#3: We all think we can multitask while we drive. "We live in an age of multitasking, both in our work and our personal lives," said Key Dismukes, PhD, chief scientist in the Human Systems Integration Division at NASA's Ames Research Center. "In some situations, we seem to be able to perform two tasks together without much difficulty," he said. Driving is such a routine task, he added, that we often get lulled into feeling that adding something like sending a text message or a conversation to the mix won't cause that much harm. But, he said, habitual multitaskers more easily succumb to distracted driving. Furthermore, we aren't multitasking when we drive and do other things. We're really "task switching," and there's always a small time lag when we change our focus from one task to another—just long enough to get into a major collision. Another researcher presented evidence that people think they're better drivers than they really are. One study found that the people who think that texting or talking on phones impacts their driving least actually performed the worst on driving performance tests.
#4: It's not just teenagers. During the last panel of the day, automotive and wireless industry representatives presented educational campaigns about the dangers of texting and talking while driving, many aimed at teenagers because they're the most inexperienced drivers, have the highest crash rates, and more eagerly adopt distracting technologies. However, earlier in the day, Kristin Backstrom, from AAA, said, "This goes all the way up the age stream. We are the examples for the younger drivers that we are raising." Parents who talk on cellphones, answer emails on a Blackberry, or engage in other activities not immediately relevant to driving set bad examples for their soon-to-be teenage drivers. Responsible adult drivers will have responsible teenage drivers.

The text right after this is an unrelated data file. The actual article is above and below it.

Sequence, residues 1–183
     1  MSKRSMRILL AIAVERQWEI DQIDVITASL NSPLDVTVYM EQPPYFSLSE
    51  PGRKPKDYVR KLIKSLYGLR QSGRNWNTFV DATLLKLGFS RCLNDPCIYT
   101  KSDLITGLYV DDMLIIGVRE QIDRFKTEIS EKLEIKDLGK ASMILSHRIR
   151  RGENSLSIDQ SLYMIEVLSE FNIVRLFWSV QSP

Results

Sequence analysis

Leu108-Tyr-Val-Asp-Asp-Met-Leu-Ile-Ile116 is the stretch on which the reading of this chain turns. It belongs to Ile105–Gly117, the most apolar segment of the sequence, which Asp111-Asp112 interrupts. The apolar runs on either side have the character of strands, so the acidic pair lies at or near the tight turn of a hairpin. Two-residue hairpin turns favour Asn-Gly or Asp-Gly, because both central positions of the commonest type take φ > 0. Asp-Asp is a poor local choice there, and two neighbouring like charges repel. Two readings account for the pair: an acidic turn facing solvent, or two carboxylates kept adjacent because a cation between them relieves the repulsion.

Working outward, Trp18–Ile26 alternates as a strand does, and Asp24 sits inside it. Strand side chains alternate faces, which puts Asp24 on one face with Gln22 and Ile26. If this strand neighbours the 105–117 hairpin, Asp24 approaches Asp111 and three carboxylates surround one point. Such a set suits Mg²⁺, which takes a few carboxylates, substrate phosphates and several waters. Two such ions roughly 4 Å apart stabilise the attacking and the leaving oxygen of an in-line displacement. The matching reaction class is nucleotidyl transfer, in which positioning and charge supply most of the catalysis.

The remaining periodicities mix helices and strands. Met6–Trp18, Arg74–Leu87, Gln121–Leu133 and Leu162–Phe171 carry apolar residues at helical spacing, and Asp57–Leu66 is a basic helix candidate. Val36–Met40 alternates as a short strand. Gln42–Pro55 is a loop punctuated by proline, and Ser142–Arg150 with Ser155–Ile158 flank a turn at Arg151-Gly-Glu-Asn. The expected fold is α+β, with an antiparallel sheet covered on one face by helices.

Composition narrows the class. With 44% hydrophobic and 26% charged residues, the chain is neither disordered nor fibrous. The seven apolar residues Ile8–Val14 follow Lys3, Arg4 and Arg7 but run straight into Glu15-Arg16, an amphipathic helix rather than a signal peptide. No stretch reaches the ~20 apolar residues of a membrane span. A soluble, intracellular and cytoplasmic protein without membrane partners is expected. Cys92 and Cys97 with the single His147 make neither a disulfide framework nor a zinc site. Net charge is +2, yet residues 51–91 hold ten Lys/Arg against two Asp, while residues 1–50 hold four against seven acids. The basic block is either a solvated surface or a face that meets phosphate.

#5: Laws and technology help, but it's really all up to drivers. At the conference, Senator Charles Schumer (D-N.Y.) outlined a new bill he had introduced in Congress that would make it mandatory for states to ban texting while driving or risk losing 25 percent of their federal highway funding, and a state senator from Maine reminded the conference attendees that the state recently enacted a total ban on performing any activity behind the wheel that isn't immediately related to the task of driving. Representatives from the automotive industry presented plans for vehicle-based safety systems (some that already exist) that help will alert drivers when they stray from their lanes, and even measure a driver’s level of distractedness and warn about impending collisions. However, Tom Dingus from Virginia Tech's Transportation Institute compared those with "jumping out of a plane knowing your primary parachute doesn't work. You just hope your secondary chute is going to open up." Those technologies help, he added, but they don't mean we should be less responsible drivers. Ultimately, we know that multitasking behind the wheel puts other drivers at risk, and we need to stop doing it. "No text message is so urgent that it is worth dying over," said Senator Amy Klobuchar (D-Minn.). Or, as one attendee who'd lost her sister in a car accident involving a distracted driver said, "Realize that the person in the car next to you is somebody's family member, and that by putting on your makeup, answering that phone call, sending that text message, you're saying that is more important than someone else's life."